North Paddington Gets Another Chance
November 20th, 1946
Once again we have entered the parliamentary campaign in North Paddington. Once again working men and working women of Paddington have the privilege of striking a blow for Socialism. Writing on the eve of the poll, we do not know how many will take advantage of this grand opportunity to send a shiver through the capitalist world, but we do know this: whatever the number of those who cast votes for our candidate, they will be socialist votes, and these are the only ones worth while; all the rest are wasted votes.
This time our masters’ press have had to take notice of us as an entirely new phenomenon on the political horizon, the real voice of the workers’ interests at last; a party that is antagonistic to all the other political parties, whether they call themselves Labour, Liberal, Tory or Communist; a party that alone represents the fundamental interests of the workers, advocating nothing but Socialism as a solution to the workers’ many problems.
Members and sympathisers have rallied splendidly for the contest; canvassing, speaking, organising, folding literature, bill-posting, and doing all the other work necessary to get socialist ideas over to the electors as clearly as possible. Our insistence in our literature, at our meetings, and on the doorstep, that we do not want votes unless they are registered by workers who understand Socialism, is a new attitude to electors and a revolutionary and mystifying one to newspaper reporters. The latter are still further mystified by our insistence that our candidate is only the mouthpiece of socialist workers; they were also perturbed by the lack of the customary biographical details.
The Tory candidate was a very unwilling guest on one of our outdoor platforms in a debate—though it is a travesty to call it a debate. He was given an opportunity to state his policy and defend Capitalism. He attacked the Labour Government but made no attempt either to deal with our position or to defend Capitalism. He was given a second opportunity, after our speaker had stated the case for Socialism and challenged him to defend Capitalism. The Tory candidate then only occupied the platform long enough to say that he did not agree with what our speaker had said, but he could not stay any longer; off he went without another word, in spite of jeers and boos from members of the large crowd who had been expecting at least some defence from him.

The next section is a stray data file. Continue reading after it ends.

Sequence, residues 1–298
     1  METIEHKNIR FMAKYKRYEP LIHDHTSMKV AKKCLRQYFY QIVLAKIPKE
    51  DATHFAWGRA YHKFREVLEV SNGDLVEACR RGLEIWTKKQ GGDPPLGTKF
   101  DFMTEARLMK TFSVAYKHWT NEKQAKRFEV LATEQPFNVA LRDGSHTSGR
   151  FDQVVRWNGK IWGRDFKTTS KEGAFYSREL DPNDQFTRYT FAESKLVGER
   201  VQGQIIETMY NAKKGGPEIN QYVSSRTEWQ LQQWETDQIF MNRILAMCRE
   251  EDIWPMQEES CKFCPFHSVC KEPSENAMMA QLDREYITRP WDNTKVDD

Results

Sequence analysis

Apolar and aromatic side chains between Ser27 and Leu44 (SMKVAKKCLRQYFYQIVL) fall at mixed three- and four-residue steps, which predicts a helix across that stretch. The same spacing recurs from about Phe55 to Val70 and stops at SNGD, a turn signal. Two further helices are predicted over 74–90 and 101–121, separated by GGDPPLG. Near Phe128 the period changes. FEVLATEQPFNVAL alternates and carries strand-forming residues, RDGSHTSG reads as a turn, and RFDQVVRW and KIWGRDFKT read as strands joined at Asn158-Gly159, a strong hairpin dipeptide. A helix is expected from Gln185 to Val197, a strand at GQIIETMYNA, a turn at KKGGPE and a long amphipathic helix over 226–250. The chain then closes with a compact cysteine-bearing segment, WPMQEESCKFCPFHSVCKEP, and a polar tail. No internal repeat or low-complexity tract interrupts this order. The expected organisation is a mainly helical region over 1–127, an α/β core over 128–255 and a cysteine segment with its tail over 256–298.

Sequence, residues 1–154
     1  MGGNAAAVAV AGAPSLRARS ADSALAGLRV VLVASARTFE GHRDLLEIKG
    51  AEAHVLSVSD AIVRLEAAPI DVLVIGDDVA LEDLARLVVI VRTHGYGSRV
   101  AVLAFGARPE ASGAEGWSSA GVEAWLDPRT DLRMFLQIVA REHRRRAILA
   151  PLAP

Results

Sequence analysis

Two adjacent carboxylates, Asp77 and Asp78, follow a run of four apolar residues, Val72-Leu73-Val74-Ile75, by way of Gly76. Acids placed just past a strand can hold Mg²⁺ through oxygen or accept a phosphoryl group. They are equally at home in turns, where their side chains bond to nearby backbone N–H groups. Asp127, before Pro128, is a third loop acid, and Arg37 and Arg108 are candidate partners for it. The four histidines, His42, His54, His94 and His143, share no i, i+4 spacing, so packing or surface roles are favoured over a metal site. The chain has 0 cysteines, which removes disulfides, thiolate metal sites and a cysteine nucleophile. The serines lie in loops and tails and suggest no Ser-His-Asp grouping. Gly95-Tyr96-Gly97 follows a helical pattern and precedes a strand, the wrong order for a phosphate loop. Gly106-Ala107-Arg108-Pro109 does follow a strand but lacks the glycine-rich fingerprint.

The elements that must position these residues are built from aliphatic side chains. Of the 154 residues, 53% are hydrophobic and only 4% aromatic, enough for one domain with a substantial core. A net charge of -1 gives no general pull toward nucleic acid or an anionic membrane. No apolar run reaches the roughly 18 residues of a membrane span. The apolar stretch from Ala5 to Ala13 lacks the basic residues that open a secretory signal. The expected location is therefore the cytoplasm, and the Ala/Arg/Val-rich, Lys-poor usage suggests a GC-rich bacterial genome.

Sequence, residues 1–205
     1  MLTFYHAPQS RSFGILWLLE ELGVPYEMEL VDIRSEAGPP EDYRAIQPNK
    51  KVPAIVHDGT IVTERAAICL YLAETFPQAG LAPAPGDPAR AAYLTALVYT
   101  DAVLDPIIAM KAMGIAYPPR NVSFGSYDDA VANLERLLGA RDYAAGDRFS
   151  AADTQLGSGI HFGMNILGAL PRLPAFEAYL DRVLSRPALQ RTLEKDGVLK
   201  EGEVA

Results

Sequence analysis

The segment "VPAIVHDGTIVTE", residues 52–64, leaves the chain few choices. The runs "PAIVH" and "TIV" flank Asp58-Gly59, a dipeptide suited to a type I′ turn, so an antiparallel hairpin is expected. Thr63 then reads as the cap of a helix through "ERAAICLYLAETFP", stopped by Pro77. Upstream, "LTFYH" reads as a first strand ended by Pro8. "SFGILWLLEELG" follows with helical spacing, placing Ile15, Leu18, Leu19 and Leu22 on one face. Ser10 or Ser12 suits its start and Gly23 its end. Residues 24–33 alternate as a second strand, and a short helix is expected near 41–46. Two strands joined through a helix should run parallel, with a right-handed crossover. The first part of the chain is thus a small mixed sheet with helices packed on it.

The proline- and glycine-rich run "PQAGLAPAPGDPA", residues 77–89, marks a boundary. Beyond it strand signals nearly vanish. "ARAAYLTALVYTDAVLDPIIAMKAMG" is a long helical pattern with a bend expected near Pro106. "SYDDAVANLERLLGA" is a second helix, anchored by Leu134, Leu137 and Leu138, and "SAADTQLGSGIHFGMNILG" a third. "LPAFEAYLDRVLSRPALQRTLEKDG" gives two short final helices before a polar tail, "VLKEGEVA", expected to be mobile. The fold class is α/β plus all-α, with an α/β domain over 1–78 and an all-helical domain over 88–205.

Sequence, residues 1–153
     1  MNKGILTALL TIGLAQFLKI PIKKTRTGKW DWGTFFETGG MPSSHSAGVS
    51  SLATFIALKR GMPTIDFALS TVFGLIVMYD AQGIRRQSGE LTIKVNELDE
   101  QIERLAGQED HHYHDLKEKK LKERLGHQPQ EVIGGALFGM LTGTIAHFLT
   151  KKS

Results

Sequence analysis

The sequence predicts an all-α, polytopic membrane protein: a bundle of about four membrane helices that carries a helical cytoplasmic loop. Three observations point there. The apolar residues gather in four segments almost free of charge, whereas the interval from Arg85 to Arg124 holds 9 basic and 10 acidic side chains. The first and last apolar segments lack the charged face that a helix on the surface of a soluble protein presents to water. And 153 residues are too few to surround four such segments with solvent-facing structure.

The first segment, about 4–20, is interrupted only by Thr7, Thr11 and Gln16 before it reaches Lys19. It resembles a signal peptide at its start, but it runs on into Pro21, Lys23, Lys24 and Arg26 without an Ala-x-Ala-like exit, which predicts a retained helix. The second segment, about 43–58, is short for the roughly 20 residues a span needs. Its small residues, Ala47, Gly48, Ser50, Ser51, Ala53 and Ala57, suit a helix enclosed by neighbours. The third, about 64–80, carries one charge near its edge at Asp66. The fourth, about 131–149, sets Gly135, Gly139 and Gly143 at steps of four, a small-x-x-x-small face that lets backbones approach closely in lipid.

We have had two excellent meetings on two Sundays at the Metropolitan Music Hall, about 1,600 attending on each occasion. At the second meeting there were a great many questions, and Communists turned up for the first time in the election. They had had time to consider the wobbling “party line” and at the last minute decided to support the Labour Party. The collection at the two meetings amounted to nearly £110. We have also had good meetings at smaller halls, but bad weather has seriously interfered with outdoor meetings, although we have had some very good ones.
We got out an Election Address and an “Election Special” (a large news sheet), both of which were delivered by hand to every house in the constituency; also the Candidate’s final address, which went through the post to every elector. One of the articles from the “Election Special” is reproduced in this issue (“ War and Increased Production ”).